OLYMPIA, Washington The FBI is refusing to run background checks on people who want to get into the marijuana business in Washington state, regulators said on Friday, in a move that could complicate efforts to keep hardened criminals out of the nascent industry.
Washington state and Colorado in 2012 became the first states to legalize the recreational use of marijuana, though it remains illegal under federal law. They are among 20 states and the District of Columbia that allow medical marijuana.
The FBI, which does run background checks on Colorado's marijuana business applicants, declined to say why it will not do the same for Washington state.
The Washington State Liquor Control Board, which regulates the state's recreational pot industry, is relying on the Washington State Patrol to run background checks on license applicants, and has begun issuing growing and processing licenses despite its own rules requiring licensees to undergo a national criminal background check.
"The federal government has not stated why it has not yet agreed to conduct national background checks on our behalf," said Brian Smith, spokesman for Washington's Liquor Control Board in a statement. "However, the Liquor Control Board is ready to deliver fingerprints as soon as DOJ (U.S. Department of Justice) is ready."
Under Washington state law, a felony conviction within the past decade would disqualify a pot business applicant, as would multiple misdemeanors.
Hilary Bricken, a Seattle-based marijuana business attorney, said the discrepancy may stem from the difference between Colorado's tightly-regulated medical marijuana system and Washington's comparatively lax medical pot regime.
"Colorado has a different relationship with the federal government because it originally started out with strict regulations," Bricken said.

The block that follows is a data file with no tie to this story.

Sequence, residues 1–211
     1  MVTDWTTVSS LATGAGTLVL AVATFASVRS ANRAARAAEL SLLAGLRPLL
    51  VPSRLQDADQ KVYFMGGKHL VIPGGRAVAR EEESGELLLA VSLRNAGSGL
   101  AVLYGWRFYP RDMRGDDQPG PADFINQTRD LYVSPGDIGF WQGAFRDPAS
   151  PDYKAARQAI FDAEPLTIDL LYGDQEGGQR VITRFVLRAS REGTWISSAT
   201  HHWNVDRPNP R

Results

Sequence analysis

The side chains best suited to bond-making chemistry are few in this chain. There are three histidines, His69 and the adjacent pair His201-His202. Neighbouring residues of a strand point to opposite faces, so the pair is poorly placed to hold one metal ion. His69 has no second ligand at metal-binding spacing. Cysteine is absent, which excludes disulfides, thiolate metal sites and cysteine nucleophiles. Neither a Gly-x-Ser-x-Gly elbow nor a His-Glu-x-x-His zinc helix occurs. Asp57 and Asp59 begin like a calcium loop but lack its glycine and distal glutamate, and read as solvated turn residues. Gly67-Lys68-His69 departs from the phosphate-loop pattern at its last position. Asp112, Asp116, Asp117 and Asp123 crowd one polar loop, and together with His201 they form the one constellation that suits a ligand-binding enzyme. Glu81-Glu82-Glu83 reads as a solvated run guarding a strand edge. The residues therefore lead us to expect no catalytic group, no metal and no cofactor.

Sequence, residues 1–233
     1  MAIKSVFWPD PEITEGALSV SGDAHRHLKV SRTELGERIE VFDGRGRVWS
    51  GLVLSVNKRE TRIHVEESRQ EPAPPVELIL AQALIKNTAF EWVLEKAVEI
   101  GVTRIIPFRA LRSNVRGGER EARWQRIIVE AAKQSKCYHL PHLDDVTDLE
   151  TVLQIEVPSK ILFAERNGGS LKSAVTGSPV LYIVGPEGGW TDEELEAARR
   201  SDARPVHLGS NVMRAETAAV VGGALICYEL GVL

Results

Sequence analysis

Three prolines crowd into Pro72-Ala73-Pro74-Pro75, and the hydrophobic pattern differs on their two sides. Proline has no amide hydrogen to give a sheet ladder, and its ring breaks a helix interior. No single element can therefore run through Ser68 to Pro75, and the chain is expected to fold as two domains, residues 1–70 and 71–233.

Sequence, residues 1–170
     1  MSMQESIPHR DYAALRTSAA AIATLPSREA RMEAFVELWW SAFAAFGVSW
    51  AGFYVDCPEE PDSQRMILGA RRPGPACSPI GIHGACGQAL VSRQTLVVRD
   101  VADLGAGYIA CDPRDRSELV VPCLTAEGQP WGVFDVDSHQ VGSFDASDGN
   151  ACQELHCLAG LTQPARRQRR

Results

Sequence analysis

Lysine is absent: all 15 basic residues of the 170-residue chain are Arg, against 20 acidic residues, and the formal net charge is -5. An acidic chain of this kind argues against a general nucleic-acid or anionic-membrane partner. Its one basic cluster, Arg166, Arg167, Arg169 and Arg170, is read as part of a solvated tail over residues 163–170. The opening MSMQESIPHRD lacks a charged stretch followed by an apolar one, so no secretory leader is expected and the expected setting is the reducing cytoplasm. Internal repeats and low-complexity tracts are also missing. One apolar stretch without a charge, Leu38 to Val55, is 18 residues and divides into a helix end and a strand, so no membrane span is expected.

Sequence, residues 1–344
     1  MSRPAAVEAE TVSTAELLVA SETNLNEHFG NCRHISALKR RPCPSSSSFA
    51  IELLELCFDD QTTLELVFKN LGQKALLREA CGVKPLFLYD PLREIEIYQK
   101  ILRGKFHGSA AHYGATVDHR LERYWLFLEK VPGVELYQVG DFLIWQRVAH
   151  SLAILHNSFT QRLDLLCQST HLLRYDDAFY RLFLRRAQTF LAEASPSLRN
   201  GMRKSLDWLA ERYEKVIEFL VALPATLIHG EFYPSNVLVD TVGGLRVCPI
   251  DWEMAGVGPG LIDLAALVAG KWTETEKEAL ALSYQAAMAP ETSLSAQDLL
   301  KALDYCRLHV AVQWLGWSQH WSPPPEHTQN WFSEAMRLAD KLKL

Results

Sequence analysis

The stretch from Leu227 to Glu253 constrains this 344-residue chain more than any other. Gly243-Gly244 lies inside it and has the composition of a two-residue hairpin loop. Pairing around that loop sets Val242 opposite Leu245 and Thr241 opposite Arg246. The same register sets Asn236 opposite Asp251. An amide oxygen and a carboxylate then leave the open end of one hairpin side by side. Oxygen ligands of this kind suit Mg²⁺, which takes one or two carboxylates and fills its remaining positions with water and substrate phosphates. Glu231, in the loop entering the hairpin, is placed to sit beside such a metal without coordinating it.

The FBI has run nationwide background checks on medical marijuana license applicants for Colorado since 2010, said Daria Serna, spokeswoman for that state's Department of Revenue. It continues to run background checks on individuals seeking medical and recreational pot worker licenses in the state.
The apparent inconsistency in FBI policy underscores the awkward position of federal law enforcement with regard to state-sanctioned marijuana.
On one hand, the drug remains illegal under federal law. On the other, the DOJ has urged the two states to tightly control their pot markets, including keeping out hardened criminals.
The FBI had no comment on the matter, said spokeswoman Allison Mahan, referring questions to the DOJ.
"To ensure a consistent national approach, the department has been reviewing its background check policies, and we hope to have guidance for states in the near term," the Justice Department said in a statement. A spokeswoman said the department would have no further comment.
Philip Dawdy, a longtime Seattle-based marijuana activist, said he was surprised and worried by the FBI's unwillingness to conduct the background checks for Washington state.
"Somebody could conceivably slide through the system who's got a major criminal history in other states that isn't going to get detected," Dawdy said. "That's a real concern on a policy and a public safety level."
(Editing by Dan Whitcomb and Grant McCool)